And so the Republicans made it through debate #5, the Tea Party debate. Somehow or another, no one, unless I missed it, mentioned light bulbs, teleprompters, or birth certificates, at least not presidential ones. On the other hand, we can now add this debate audience cheering for people dying without health insurance to the last GOP debate audience cheering for executions to our understanding of the current Republican Party.
The problem with assessing these Republican presidential debates continues to be that there are only two people up there on the stage who are really, honest-to-goodness, running for president. I don’ t know what Michele Bachmann, Newt Gingrich, Jon Huntsman, Herman Cain, Rick Santorum, and Ron Paul think they’re doing, but they aren’t serious candidates for the nomination and never have been. I don’t know: Do they mistakenly believe that they really could wind up in the White House in January 2013? Are they trying to win a book contract or a slot on Fox News? Are they trying to nudge the party in their direction on the issues? If it’s the latter — why are they so obviously incapable of speaking about those issues with a minimal amount of knowledge?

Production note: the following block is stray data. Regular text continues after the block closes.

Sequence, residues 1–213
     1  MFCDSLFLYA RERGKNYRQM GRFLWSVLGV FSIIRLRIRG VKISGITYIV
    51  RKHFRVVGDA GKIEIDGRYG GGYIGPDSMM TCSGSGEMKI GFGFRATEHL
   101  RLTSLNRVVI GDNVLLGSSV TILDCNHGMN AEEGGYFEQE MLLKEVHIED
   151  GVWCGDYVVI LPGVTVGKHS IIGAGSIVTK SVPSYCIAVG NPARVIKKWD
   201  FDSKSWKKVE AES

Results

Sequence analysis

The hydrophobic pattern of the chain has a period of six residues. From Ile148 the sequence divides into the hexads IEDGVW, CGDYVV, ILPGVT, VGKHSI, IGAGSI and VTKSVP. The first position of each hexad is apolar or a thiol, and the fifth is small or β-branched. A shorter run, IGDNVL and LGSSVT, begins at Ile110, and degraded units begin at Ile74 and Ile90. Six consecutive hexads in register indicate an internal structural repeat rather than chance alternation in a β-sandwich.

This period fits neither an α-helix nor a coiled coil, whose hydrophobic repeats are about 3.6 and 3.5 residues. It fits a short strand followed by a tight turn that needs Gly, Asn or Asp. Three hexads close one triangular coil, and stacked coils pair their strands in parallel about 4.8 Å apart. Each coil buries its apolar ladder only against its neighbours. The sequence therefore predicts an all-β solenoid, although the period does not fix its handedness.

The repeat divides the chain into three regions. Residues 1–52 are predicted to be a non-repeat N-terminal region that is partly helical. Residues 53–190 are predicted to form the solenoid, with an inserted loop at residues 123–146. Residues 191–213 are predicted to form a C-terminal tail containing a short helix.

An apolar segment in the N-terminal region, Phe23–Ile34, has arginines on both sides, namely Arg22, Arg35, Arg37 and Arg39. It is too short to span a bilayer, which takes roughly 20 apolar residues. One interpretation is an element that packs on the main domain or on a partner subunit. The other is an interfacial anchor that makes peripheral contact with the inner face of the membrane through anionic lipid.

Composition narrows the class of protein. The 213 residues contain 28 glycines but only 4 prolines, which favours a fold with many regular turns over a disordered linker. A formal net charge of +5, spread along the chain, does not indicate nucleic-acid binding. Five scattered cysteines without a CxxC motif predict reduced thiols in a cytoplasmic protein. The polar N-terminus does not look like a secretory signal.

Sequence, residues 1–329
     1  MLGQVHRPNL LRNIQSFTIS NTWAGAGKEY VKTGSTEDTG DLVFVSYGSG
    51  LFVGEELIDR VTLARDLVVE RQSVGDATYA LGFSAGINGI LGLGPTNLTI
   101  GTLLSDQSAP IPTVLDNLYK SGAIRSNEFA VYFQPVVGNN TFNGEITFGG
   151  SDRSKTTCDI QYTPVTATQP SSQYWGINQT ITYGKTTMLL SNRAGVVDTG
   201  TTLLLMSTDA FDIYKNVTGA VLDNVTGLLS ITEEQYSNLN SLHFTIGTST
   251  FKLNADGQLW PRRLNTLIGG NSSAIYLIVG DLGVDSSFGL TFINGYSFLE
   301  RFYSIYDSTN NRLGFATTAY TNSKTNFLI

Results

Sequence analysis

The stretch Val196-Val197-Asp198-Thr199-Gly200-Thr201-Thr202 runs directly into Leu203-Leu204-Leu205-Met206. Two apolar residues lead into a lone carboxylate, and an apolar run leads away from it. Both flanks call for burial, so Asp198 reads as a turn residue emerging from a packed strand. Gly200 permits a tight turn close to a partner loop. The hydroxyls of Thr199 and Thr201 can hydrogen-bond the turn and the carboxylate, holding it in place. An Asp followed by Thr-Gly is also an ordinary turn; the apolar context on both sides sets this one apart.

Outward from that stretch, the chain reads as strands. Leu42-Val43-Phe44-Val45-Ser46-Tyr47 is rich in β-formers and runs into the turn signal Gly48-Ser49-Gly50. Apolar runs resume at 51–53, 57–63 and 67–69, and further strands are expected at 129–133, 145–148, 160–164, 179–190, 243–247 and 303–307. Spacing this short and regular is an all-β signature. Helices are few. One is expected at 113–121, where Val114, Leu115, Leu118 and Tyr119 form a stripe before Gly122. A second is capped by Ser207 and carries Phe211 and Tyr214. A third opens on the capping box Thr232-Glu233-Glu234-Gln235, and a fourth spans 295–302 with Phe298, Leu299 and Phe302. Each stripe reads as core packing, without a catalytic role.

All I know is that it makes it hard to sort through what effect, if any, these debates have on Rick Perry and Mitt Romney.
Perry, meanwhile, is reminding everyone that running for president is hard. Especially if you’re leading in the polls. Everyone came after Perry tonight, and there’s no question that some punches landed — on immigration, on immunization, perhaps on other issues. For whatever it’s worth, my sense in watching it was that not much changed; Perry neither proved that he was a safe bet for party actors looking for a nominee nor that he is clearly unable to do the job. That’s only to be expected; this thing isn’t going to be decided in debates.
At any rate, the GOP keeps spinning farther and farther from the general election median voter every week. And, in many cases, reality — do these folks really believe that the biggest economic problem today is runaway inflation? That Americans are desperate to rid themselves of Social Security? That policies enacted by Barack Obama and the Democrats in 2009 (whatever you think of those policies) caused a recession that began in 2007? That “exceptionalism” is the beginning and end of foreign policy? I know, one expects rhetoric that plays to the audience, and I’m sure that most of these positions and the rhetoric that goes with it is carefully polled and focus-grouped (as well it should be). And that’s the real story here: The audience has been trained by Rush Limbaugh and Glenn Beck and the rest of that squad — and therefore a careful, cautious, Republican presidential candidate who is perfectly well-versed in the issues, solidly conservative in the tradition of Ronald Reagan, and knows exactly what he or she needs to do to win the Republican nomination is going to sound like a nut half the time.
That doesn’t mean that Perry or Romney will necessarily lose. But whichever one wins is going to be dragging a lot of otherwise unnecessary baggage with him when he takes on Barack Obama. And if it’s a close race otherwise, that baggage could easily make the difference.